Wednesday, July 01, 2015
Canadians Chip Away At Their Mortgages
During the last couple of years, the average Canadian home buyer made a down payment of 119,000, about one-third of the value of their homes. Most have fixed-rate mortgages with five-year terms and an average interest rate of three per cent, according to a recent report by the Canadian Association of Accredited Mortgage Professionals CAAMP.
Author Will Dunning says in the report, "Very low levels of interest rates mean that Canadians are paying less interest and have more money available that they can use to repay their mortgage principals. CAAMPs surveys have found that Canadians are making significant efforts to repay their mortgages more rapidly than they have to."
A Manulife Bank of Canada survey found that four in 10 homeowners made extra mortgage payments or increased the amount of their payment during the last year. It found that homeowners with mortgage debt paid down an average of 6,300 in the past year. The number of homeowners who reduced their debt is up from last years survey.
"These results are encouraging," says Rick Lunny, president and CEO of Manulife Bank of Canada. "Effective debt-management is absolutely central to long-term financial health and clearly many Canadians are taking advantage of the low-rate environment to reduce their debt."
High household debt remains a concern for everyone from the Bank of Canada to foreign observers of the countrys housing market. While home prices have levelled off in most parts of the country, soaring prices in Vancouver and Toronto have prompted calls for the government to take action to make homes more affordable.
For years there has been concern that once the rock-bottom mortgage interest rate begins to rise, many people who bought homes wont be able to afford their payments.
"Our research finds that Canadians are well aware that interest rates can and will increase at some point and they have allowed themselves considerable room to absorb future rises in mortgage costs," says Dunning. "Meanwhile, they continue to take advantage of low rates to pay off their mortgages as quickly as they can."
The Manulife survey found more than a third of homeowners would have financial difficulty if their payments increased by 10 per cent, while another 15 per cent said they would not be able to afford any increase in their payment.
However, 80 per cent of homeowners indicated a willingness to cut back on their discretionary spending if it meant they could shrink their mortgages. Among the items they are willing to sacrifice are dining out, daily coffee/snacks, movies, concerts and sporting events. But only 20 per cent said they would be willing to cut back on their phone, Internet or cable TV services.
Both surveys say the biggest threat to homeowners is job loss.
The Manulife Bank of Canada survey says that if the primary income-earning homeowner lost their job, one in six would have problems making their regular mortgage payment in just one month, and 27 per cent would have difficulty after three months.
Dunnings CAAMP report says, "It is possible that job losses could lead to more arrears and defaults. The greatest risks would be in the regions that produce oil and natural gas. In the remaining provinces, where economic outlooks are more favourable, mortgage difficulties are much less likely."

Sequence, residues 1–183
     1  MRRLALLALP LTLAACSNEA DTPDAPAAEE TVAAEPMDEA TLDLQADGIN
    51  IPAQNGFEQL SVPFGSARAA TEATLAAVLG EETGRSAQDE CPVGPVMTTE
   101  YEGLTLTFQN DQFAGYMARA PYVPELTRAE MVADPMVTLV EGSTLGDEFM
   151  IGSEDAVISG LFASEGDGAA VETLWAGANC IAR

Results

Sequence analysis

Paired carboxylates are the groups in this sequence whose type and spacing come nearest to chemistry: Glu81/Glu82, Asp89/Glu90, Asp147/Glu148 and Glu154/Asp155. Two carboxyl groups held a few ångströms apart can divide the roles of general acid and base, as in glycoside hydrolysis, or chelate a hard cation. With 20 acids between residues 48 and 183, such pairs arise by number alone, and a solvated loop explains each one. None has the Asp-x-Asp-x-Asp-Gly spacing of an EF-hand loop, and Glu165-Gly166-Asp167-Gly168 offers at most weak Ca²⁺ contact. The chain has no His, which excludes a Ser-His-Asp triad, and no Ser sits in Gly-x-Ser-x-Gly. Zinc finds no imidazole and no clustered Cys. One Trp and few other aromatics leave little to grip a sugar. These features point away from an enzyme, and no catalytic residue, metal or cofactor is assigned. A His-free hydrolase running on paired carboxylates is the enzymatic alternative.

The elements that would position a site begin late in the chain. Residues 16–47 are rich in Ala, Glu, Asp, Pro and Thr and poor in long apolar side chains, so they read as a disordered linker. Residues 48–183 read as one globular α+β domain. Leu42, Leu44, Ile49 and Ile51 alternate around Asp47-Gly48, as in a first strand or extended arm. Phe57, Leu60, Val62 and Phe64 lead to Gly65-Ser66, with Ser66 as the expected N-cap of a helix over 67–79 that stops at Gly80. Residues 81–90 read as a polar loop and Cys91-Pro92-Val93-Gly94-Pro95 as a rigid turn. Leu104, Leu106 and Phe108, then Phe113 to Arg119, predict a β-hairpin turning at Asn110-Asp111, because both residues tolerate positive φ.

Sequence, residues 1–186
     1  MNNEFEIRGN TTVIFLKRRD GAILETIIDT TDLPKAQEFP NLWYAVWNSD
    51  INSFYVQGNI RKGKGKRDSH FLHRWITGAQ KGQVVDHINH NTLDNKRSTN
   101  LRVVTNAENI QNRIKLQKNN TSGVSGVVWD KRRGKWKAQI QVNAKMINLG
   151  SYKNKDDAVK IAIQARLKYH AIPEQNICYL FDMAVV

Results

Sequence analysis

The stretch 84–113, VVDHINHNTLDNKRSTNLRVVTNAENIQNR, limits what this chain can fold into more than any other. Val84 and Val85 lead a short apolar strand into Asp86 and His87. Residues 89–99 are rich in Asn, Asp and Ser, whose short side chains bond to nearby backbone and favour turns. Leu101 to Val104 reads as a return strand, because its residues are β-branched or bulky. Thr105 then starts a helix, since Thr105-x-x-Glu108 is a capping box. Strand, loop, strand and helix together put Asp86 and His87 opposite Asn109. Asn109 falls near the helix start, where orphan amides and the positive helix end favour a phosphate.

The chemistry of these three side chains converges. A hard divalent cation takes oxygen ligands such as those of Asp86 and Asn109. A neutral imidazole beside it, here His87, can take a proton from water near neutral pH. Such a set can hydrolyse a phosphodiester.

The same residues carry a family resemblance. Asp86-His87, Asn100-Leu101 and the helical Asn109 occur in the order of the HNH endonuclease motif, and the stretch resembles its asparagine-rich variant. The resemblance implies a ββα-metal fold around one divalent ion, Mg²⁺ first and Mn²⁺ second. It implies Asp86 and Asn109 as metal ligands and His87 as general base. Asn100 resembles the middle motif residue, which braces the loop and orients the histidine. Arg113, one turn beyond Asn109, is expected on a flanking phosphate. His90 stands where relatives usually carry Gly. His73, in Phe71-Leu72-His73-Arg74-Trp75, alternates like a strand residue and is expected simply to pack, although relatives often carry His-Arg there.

During the last year, the Canadian Bankers Association says the rate of mortgage arrears has been stable at a rate of just under 0.3 per cent.
The June 2015 House Trends and Affordability report from RBC Economics says that excluding Vancouver and Toronto, "Generally speaking, housing affordability remains fairly neutral in Canada with limited signs of undue stress being exerted on home buyers. Both at the national level and in the majority of local markets, RBCs affordability measures are still quite close to their long-term averages, thereby suggesting that current conditions are within historical norms."
RBC and other forecasters believe that the Bank of Canada will start raising interest rates in the second quarter of 2016. "The effect on affordability of a rise in interest rates would be most visible in high-priced markets," says RBC.
CAAMP says that by the end of 2015, total outstanding residential mortgage credit in Canada will be about 1.34 trillion, "and by the end of 2016, the figure may be very close to 1.4 trillion."
Mortgage brokers want the government to resist the temptation to clamp down on lending. Dunning says they are concerned that if theres an economic slowdown, leading to less housing activity and higher mortgage defaults, the government might tighten mortgage lending rules.
"Any reduction in the availability of mortgage credit would further dampen housing activity and aggravate the default issues," he says. "Moreover, because housing has such an important role in the economy, this would add to the negative economic risks in Canada."
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Special Rules Apply When Tenant-Occupied Property Is For Sale
Agents who have for-sale listings of tenant-occupied properties need to comply with the rules governing showings and notice of entry. California has some special -- and somewhat surprising -- rules in this regard, and it behooves California agents to become familiar with them. Recently, the legal department of CAR California Association of REALTORS provided a memo on this topic. We note some of the highlights here.